Regarding the tuning coils, (see photo) I took the covers off three of them and didn't find any capacitors or resistors within. Instead there were smaller coils. I've seen photos online of similar Majestic radios and they had recognizable capacitors and/or resistors within them. Any feedback regarding these coils within coils would be interesting.

QUESTION 2 :
Regarding a metal-encased 1mfd capacitor that goes between pin 4 (cathode) of the 27 tube and ground (see photos), I'm not sure if it is polarized, electrolytic or not. Because it looks similar to electrolytic polarized capacitors I've seen before, I'm assuming that's what it is, but I don't want to re-open this chassis once re-sealed. I'd appreciate any input to push me toward 1mfd polarized electrolytic or 1mfd mylar.

QUESTION 3 :
Regarding all wire wound resistors, they are within 5% but nearly 90 years old. Should I keep them or replace them?

QUESTION 4 :
The four original .5mfd wax paper caps in the unit were actually 0.25mfd, although the schematic calls for 0.5mfd. The 0.25mfd ones were definitely original, so I wonder if I should go with 0.22mfd or 0.47mfd. Feedback much appreciated.

Tomie, regarding the dial plate, mine is stamped with raised metal numbers but no white paint on them at all. I like the brass numbers on black look. The numbers actually shine. Regarding the replaceable capacitors, there are a total of only 11, including the new-found one listed above. I hope you are right about putting everything back to what it was originally and turning her on to find good reception. That day is coming soon, although I still haven't tested out the electro-dynamic field coil. Heck, I haven't even tested the transformer for shorts. At this point I'll buy whatever I need to make this thing work properly. I'll keep my fingers crossed it won't come to that. Definitely looking forward to that first power-up.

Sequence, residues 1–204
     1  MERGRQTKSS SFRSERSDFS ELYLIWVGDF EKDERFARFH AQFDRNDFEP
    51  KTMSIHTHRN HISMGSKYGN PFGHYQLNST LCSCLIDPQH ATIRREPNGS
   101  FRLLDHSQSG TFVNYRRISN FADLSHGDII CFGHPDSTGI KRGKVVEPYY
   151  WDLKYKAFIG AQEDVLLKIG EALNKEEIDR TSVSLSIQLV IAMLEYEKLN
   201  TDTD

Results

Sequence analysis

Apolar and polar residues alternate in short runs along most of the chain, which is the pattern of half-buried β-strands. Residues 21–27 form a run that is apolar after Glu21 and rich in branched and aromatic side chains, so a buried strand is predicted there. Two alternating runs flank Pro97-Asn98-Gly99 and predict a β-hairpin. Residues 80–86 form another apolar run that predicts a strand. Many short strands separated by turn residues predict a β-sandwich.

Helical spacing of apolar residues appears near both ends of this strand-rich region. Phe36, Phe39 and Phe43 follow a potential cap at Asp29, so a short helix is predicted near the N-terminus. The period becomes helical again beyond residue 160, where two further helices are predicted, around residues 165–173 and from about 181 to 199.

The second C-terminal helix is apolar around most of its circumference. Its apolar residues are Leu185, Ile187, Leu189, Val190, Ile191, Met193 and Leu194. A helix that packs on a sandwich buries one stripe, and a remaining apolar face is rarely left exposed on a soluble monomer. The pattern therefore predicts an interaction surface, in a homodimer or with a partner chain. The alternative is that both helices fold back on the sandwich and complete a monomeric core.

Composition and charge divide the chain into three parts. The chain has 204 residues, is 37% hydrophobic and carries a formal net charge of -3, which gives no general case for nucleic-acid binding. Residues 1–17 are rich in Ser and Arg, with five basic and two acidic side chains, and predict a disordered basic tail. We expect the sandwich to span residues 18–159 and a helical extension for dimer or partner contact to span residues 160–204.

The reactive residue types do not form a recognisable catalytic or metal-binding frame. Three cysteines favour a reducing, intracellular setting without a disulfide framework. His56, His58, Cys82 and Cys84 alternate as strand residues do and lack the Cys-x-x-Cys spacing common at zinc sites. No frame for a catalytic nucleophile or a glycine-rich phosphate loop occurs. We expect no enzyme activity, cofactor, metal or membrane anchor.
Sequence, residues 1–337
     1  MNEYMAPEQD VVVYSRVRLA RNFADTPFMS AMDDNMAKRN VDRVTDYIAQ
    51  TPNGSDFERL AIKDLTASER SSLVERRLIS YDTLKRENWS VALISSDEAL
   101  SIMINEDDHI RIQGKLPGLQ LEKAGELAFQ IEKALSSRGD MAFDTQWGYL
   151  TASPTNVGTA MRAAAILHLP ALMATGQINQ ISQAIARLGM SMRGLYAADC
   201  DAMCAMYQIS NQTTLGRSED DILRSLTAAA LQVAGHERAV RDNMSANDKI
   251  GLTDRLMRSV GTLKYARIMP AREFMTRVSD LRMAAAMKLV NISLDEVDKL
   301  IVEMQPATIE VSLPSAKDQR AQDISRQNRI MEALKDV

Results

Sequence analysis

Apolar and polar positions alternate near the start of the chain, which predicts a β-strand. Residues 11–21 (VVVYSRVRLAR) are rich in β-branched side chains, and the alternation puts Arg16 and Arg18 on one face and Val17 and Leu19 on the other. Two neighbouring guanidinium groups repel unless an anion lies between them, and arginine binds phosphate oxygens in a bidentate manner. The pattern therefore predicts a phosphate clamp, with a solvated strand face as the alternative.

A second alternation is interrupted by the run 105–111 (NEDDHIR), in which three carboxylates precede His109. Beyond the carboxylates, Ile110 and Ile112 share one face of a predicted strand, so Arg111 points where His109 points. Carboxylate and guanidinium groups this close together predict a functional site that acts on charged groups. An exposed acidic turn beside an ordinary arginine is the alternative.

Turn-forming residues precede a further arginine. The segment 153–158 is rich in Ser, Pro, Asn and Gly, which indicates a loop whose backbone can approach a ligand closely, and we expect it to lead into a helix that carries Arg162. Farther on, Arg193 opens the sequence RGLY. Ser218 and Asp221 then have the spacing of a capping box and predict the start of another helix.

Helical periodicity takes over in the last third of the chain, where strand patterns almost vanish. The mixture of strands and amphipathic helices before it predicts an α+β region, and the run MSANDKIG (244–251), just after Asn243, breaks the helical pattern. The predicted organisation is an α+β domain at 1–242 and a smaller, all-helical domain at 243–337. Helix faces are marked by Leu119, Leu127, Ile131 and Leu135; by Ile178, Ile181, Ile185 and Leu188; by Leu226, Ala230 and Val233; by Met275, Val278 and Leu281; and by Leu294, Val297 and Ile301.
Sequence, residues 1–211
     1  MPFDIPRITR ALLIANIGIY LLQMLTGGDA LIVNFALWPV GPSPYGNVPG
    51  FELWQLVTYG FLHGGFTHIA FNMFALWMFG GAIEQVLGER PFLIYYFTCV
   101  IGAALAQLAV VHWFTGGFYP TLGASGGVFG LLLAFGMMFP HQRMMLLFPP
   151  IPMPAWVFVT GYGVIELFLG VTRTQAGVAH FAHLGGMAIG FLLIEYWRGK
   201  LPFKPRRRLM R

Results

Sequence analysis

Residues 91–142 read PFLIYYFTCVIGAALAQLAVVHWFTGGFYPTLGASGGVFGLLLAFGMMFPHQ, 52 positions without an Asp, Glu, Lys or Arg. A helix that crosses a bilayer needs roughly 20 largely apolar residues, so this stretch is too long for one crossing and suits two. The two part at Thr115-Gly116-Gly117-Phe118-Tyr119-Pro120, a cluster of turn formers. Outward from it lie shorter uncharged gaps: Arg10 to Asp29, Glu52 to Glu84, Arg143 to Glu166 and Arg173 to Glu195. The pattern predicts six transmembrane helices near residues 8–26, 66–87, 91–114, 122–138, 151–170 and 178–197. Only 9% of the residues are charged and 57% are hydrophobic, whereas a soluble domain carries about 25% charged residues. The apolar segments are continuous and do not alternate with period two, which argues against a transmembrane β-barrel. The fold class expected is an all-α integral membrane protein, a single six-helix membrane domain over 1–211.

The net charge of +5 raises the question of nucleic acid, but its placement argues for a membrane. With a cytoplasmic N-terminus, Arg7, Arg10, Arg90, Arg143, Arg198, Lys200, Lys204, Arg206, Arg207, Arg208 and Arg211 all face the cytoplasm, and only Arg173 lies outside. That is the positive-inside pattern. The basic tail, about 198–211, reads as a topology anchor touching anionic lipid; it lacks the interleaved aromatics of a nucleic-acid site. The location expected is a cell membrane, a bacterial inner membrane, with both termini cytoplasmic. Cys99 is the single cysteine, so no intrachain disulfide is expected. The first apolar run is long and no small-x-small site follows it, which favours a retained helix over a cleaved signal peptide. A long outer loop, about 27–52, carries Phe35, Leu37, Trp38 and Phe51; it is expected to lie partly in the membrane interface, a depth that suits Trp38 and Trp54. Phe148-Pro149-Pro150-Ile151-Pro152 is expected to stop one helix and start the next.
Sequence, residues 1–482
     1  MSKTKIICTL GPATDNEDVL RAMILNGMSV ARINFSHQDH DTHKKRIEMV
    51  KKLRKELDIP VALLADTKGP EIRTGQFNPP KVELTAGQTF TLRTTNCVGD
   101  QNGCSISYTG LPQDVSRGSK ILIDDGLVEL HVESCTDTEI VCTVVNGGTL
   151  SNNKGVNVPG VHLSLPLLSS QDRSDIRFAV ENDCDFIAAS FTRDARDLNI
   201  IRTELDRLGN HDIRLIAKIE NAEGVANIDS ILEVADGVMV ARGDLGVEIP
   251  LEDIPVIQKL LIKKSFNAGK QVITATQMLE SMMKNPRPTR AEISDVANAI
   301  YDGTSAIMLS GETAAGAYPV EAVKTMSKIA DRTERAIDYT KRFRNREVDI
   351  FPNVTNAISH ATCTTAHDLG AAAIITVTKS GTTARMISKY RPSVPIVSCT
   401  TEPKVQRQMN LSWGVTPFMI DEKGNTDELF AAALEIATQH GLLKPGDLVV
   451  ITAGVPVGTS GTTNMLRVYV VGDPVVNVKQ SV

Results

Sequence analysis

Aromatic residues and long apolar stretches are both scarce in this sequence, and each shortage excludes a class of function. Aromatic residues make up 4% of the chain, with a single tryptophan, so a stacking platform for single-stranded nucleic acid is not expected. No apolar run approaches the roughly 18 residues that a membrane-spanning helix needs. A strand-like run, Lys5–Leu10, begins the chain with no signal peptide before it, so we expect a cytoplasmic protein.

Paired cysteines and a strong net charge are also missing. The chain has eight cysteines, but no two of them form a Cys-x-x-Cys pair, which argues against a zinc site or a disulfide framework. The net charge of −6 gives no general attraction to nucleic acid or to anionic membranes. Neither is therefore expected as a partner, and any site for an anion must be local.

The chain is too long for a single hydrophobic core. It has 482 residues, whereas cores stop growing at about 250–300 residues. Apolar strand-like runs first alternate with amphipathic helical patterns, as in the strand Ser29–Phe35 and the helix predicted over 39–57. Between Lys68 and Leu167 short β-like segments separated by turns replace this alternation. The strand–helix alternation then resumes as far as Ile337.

Attachments:
File comment: Hidden inside this metal box is a 1mfd capacitor. It runs parallel with a 36K ohm resistor.
11capacitor1.jpg
11capacitor1.jpg [ 93.14 KiB | Viewed 783 times ]
File comment: Opening the metal box to reveal the 1mfd capacitor.
11capacitor2.jpg
11capacitor2.jpg [ 52.74 KiB | Viewed 783 times ]
File comment: Ripped apart capacitor to determine a reading of 0.8mfd, but I'm not sure if it's polarized electrolytic or not. Advice appreciated.
11capacitor3.jpg
11capacitor3.jpg [ 78.75 KiB | Viewed 783 times ]
File comment: Shot of the tuning coil bank. The covers twist off counterclockwise.
11coil2.jpg
11coil2.jpg [ 54.2 KiB | Viewed 783 times ]
File comment: A look inside the coils revealed even smaller coils. I assume these are in good working order.
11coil.jpg
11coil.jpg [ 85.4 KiB | Viewed 783 times ]